Apart from the restraint shown by workers in returning to their places of employment in cities, another major factor responsible for the current situation is China’s quarantine of Wuhan and Hubei Province, which has led to most local governments enhancing the control of entry points including airports, railway stations, highways and waterways, and thus creating virtual islands within mainland China. Notably, people who have visited highly affected areas hit by the epidemic are being forcibly quarantined for a period of fourteen days. Stringent administrative procedures by local governments coupled with restrictions on the movement of migrant workers have resulted in almost nil economic activity in these regions, with grave impact in sectors such as tourism, retail, restaurants, catering, entertainment and transportation.

Chinese corporation Alibaba was amongst the first business enterprises to admit that COVID-19 has undermined production in the economy, because many workers cannot get to or perform their jobs. The company also stated that COVID-19 had changed buying patterns, with Chinese consumers pulling back on discretionary spending, including travel and restaurants. Not only have the retail and service sectors been hit by the virus, the overall Chinese economy has been affected. 

This has in turn hit global supply and value chains. According to one analyst, China is not only the largest trading partner in the world, but is also central to global supply chains. From raw materials to components used in electronics, Chinese companies provide Western brands with inexpensive building blocks for expensive products, be it a car, a smart phone or something else. For instance, Apple Inc. generates about 15 per cent of its revenue from China, and many of its products are manufactured there.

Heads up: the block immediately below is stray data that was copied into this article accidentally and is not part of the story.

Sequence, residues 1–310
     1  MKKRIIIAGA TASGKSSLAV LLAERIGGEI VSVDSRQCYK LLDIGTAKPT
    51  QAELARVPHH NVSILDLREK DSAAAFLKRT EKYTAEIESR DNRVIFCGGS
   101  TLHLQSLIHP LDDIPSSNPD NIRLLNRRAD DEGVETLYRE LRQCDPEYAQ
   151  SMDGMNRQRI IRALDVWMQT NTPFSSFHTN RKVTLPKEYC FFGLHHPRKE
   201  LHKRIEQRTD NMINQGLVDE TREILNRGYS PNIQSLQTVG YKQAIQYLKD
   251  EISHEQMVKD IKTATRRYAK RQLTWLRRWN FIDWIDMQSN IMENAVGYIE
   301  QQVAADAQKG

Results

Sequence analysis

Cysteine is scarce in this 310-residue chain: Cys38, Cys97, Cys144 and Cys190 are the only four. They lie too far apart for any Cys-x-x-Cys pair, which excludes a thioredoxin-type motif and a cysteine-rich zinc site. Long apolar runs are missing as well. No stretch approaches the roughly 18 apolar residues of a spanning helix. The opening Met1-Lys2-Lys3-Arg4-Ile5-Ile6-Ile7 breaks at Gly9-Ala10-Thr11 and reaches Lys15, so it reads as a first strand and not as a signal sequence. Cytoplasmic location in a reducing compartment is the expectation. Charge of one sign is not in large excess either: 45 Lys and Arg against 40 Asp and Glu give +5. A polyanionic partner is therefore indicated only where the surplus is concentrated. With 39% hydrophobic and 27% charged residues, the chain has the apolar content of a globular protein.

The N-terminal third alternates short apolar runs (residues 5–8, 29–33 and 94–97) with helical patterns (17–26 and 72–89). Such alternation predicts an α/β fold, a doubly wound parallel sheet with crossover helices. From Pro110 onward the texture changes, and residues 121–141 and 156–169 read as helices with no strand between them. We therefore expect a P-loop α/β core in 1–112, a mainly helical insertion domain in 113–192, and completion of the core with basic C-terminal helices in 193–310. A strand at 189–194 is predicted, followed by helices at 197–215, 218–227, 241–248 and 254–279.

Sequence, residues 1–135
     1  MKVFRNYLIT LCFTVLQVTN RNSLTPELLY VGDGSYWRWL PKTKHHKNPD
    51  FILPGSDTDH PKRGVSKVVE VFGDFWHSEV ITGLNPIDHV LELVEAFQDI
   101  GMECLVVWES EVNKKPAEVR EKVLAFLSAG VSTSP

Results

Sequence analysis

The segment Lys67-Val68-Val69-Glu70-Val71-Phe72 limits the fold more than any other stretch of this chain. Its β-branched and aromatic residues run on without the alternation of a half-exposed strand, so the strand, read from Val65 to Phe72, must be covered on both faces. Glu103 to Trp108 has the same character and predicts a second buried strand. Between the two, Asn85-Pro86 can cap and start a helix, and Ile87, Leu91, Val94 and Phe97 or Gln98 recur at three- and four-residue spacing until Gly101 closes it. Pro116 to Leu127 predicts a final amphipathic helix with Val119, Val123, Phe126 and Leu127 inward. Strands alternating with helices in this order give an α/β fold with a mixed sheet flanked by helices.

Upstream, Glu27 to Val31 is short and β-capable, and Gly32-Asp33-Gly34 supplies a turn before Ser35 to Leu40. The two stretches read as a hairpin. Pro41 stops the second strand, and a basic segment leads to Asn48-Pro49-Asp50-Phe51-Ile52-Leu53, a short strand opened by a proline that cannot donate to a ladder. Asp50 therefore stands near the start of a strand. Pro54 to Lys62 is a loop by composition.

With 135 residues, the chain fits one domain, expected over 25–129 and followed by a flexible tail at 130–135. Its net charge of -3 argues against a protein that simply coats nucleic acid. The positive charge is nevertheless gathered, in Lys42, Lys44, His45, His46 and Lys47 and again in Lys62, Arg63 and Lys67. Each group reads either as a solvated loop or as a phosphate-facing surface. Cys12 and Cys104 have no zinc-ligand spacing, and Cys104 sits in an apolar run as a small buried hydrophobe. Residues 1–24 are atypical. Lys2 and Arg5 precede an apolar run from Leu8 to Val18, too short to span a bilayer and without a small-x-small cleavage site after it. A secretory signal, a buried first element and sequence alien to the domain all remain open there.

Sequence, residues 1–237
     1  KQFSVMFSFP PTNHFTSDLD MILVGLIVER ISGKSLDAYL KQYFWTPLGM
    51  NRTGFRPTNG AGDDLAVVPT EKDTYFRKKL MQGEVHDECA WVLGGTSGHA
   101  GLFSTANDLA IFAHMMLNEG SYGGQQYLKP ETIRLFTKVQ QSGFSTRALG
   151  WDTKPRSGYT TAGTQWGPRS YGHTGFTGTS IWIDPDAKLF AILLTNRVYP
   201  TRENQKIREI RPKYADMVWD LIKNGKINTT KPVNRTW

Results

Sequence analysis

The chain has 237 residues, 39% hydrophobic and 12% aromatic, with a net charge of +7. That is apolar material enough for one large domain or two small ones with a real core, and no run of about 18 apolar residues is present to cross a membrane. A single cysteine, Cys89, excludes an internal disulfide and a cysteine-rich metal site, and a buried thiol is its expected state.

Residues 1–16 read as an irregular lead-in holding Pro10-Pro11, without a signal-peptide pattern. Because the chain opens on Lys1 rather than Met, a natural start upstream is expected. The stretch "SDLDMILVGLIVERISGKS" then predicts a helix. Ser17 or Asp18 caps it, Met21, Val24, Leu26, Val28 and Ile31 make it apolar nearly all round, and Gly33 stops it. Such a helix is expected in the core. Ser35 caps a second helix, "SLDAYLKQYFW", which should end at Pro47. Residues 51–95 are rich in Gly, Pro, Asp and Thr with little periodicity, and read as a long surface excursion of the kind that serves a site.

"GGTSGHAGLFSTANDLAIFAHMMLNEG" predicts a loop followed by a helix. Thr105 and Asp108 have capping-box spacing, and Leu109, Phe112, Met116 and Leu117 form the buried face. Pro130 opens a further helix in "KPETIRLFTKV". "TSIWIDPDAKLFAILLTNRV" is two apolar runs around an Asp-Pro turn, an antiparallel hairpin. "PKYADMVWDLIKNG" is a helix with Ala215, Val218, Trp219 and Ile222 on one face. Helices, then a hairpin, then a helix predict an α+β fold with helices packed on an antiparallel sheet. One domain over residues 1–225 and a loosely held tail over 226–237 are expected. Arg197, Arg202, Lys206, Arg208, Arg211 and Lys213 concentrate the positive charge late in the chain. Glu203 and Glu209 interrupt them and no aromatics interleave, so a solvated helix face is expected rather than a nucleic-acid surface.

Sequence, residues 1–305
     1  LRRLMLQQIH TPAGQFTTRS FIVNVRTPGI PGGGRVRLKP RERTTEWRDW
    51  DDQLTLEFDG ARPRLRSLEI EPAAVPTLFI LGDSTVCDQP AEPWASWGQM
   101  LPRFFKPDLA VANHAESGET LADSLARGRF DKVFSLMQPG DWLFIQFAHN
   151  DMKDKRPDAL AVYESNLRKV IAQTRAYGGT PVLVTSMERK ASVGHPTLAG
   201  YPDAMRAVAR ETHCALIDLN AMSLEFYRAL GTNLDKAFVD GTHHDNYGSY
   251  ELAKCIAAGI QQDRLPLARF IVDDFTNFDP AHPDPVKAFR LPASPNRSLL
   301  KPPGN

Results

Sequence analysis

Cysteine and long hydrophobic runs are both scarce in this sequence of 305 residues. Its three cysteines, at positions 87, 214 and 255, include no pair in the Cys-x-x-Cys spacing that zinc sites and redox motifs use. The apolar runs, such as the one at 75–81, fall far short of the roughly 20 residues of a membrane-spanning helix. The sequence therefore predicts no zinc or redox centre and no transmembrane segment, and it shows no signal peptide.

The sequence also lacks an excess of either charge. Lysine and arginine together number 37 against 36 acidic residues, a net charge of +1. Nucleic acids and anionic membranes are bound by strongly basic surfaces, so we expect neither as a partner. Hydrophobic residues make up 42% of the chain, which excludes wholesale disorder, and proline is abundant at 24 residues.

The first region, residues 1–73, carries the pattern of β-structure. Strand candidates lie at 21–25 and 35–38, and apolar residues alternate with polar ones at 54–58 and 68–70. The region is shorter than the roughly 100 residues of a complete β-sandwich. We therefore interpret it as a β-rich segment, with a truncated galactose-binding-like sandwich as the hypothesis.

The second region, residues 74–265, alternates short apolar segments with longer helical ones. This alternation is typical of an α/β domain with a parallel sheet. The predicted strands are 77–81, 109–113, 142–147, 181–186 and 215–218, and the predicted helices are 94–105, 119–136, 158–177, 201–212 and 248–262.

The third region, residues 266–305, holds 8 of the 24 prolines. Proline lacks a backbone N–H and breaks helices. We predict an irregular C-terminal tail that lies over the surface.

TrendForce, a Chinese market research company,  anticipates that global smart phone production in the first quarter of 2020 could be 10 per cent lower than originally expected due to the COVID-19 epidemic. But the negative effects on output won’t be limited to the smart phone industry. Smart watches, notebooks, smart speakers and video game consoles are all expected to suffer double digit hits on unit shipments this quarter, with TV shipments expected to be 4.5 per cent lower than forecast before the outbreak.

The challenge of getting things back on track in China is compounded by the fact that local governments have put the onus of preventing and controlling COVID-19 on SOEs, and each enterprise is mandated to submit a plan for carrying out the prevention and control of the epidemic. Ensuing difficulties in meeting these requirements and corresponding financial cost in implementing the regulations are discouraging SOEs from resuming production, most of whom have only re-opened administrative offices.

Ultimately, it is certain that the Chinese economy, and especially the service and industrial sectors which constitute 90 per cent of China’s GDP, will be negatively impacted by COVID-19, at least in the first quarter of 2020. Economic recovery in the end depends on a return to normalcy, the timeline for which appears to be uncertain for the time being. 

Jan Lehman is the pseudonym for an expert on Asian affairs.